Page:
I will tell you a little story. Some of you may know it already but I find that the best stories bear repeating often. Especially if you have a muddle of a memory like I do, it keeps them alive and in a row, like counting beads on a rosary or a mala.
Sometimes good does indeed come from bad, light follows the dark. So it was that we discovered Arles. Remi, my incredible professional photographer companion and I had made the long grumbly drive down from Paris, where we had been living together in very cramped quarters for two years. We didn't dream of the South like others did, didn't fantasize about Provence or the Luberon. No. We headed to Perpignan for Visa Pour L'Image, widely heralded as the world's most important photojournalism festival. But somehow the sadness of the photographs that we saw overwhelmed us that year, the peacock strutting of competing photographers clashed as utterly inappropriate. So we left. Before the final ceremony, before the last pop of a champagne cork.
We drove towards the Camargue with the windows of our old Saab rolled down. Waves of hot wind slapped our cheeks, flamingos flapped off into the distance and white horses stomped through a bleached out landscape like galloping ghosts. It cleared our minds. "Why don't we stop in Arles?" Remi suggested, breaking a silence that seemed heavier than air. All I knew of Arles was Van Gogh. But that is enough, isn't it? "All right."
The doors opened for us. Literally. We found a charming room available at the Hotel de L'Amphitheatre, one that we could afford, on a busy Saturday night, the first of September. Already as we ran our hands over the cool, cream stone walls and gazed out at the whistling leaves of the platane trees dotting the tiny square below, something was stirring. We got our first glimpse of the Roman Arena as we stepped out into the late afternoon. We let ourselves get swept up in the crowds rolling down the hillside towards the remaining exhibitions of the Rencontres d'Arles, another photography festival and yet a world away. A warm, golden light wrapped around us as did the notes from a jazz quartet that had set up camp on the cobbled street. Inside an abandoned church, we looked at the work of Harry Gruyaert's "Rivages". We turned ourselves towards beauty and that stirring surged up into tears. We knew. This was where we were ready to be.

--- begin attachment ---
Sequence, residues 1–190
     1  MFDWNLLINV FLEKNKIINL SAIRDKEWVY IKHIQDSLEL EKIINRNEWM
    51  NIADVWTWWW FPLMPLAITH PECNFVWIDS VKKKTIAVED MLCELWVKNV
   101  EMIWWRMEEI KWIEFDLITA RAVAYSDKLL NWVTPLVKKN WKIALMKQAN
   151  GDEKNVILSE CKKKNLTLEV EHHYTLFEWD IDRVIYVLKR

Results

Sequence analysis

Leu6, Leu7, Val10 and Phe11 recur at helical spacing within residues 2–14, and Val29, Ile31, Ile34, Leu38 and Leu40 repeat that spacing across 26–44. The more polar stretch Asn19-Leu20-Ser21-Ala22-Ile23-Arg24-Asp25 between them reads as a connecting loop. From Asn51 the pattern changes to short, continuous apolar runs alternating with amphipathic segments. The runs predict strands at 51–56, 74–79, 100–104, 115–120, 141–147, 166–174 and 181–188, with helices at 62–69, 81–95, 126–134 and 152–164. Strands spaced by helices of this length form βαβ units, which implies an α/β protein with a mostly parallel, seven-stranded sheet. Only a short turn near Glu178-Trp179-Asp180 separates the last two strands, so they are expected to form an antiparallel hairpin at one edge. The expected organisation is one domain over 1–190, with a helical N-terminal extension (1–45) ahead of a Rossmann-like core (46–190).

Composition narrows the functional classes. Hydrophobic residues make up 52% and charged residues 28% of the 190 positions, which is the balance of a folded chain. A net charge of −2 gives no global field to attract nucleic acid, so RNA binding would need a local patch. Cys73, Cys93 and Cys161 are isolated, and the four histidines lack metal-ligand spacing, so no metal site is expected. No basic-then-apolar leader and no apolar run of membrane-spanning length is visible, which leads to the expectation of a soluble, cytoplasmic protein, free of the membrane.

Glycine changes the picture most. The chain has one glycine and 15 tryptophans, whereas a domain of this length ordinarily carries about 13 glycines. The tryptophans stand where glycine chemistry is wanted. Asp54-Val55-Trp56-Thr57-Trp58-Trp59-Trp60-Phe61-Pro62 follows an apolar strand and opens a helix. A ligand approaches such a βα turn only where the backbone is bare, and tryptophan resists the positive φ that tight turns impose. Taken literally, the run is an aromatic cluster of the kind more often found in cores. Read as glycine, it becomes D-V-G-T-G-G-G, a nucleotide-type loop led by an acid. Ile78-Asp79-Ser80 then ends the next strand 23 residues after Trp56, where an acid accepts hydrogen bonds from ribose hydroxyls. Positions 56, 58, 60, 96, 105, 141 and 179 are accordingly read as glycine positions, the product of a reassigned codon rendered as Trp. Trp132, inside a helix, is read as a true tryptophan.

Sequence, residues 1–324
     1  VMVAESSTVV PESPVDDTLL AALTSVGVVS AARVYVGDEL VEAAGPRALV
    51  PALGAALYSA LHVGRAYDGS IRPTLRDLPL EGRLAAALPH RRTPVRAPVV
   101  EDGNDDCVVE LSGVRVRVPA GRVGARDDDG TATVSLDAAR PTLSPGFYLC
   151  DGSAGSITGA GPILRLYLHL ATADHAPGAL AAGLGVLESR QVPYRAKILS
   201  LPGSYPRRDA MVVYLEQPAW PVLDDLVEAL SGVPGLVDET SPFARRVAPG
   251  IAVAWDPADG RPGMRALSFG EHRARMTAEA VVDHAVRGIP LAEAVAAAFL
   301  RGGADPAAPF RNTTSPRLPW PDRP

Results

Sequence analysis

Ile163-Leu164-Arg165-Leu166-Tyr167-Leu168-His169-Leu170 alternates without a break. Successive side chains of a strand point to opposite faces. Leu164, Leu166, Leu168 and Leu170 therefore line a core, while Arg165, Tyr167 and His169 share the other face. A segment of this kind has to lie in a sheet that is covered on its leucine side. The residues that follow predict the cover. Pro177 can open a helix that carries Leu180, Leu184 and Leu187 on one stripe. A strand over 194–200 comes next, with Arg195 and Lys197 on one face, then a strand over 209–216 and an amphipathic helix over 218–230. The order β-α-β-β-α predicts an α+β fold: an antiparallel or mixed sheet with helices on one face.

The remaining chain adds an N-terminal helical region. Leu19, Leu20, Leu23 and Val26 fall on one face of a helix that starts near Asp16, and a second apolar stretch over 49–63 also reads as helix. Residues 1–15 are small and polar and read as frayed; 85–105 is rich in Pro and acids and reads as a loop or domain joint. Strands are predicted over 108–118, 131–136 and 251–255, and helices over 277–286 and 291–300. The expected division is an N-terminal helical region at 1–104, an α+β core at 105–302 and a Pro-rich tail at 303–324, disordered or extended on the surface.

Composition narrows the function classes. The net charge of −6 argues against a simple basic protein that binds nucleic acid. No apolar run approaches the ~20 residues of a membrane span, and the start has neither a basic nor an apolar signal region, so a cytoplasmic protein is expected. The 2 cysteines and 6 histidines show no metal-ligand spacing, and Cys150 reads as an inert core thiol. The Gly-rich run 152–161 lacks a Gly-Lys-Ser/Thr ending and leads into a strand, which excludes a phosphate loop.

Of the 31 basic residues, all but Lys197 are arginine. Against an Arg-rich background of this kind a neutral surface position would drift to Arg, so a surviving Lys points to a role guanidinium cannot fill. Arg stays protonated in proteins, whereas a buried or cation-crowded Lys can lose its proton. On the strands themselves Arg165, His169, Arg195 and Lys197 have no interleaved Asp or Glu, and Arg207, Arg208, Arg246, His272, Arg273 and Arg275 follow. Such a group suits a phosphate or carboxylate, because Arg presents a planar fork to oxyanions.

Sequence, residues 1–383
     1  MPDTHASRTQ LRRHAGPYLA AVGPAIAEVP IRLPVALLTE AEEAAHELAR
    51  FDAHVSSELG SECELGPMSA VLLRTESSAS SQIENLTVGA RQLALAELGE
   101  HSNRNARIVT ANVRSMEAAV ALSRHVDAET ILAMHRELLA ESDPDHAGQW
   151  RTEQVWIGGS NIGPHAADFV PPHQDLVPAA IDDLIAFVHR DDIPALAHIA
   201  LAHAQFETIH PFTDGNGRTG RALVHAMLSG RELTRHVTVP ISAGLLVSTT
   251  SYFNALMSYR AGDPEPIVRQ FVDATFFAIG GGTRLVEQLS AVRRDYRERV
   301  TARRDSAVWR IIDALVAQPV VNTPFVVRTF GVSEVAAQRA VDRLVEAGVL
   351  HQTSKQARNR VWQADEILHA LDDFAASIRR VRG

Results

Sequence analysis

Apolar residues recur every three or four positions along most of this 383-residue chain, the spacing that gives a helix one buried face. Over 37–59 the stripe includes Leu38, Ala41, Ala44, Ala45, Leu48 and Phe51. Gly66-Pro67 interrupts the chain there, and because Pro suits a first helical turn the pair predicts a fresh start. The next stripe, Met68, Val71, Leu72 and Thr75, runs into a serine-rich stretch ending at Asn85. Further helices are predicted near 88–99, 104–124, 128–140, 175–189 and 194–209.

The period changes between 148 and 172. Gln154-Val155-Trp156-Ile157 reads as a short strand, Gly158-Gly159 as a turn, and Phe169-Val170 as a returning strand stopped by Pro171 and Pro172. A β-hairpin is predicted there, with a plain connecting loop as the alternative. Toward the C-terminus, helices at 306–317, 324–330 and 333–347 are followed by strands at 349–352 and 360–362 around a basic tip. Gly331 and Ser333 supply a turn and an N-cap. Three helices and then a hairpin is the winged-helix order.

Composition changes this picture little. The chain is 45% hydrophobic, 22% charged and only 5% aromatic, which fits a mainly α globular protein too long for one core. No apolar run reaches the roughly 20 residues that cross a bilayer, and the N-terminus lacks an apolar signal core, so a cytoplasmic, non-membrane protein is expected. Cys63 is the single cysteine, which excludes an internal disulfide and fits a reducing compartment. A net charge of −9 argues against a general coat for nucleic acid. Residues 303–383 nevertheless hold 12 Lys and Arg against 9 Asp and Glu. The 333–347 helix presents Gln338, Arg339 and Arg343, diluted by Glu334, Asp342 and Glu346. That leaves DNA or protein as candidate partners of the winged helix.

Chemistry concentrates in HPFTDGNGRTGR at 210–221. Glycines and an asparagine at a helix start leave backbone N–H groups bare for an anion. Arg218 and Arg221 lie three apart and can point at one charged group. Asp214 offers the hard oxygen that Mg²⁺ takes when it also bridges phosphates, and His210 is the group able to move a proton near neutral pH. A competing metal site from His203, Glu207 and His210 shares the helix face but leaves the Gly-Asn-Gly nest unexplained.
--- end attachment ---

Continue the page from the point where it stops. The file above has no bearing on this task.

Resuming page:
It took us over two years to make the move. At the time, we were travelling nearly non-stop as a photographer/journalist team for different magazines in the French press. But it was worth the wait. In 2005, we packed up a truck, arriving in the dark at 1am with a Mistral wind roaring off the Rhone River to welcome us. Eventually, we welcomed an incredible Golden Retriever, Ben, into our family of two. I am as charmed by those old stones, by that light that is like a friend (albeit a moody one) as I was on the first day. And although I don't know if I will be here forever as Remi and I are nomads in our hearts, for now I am happy to be Lost in Arles.
I want to thank the lovely Vicki Archer at the exceptional blog French Essence for having mentioned me, this blog and Arles today. I thought it only polite to introduce myself with a little curtsy to those of you that might be visiting for the first time. Bonjour et bienvenue!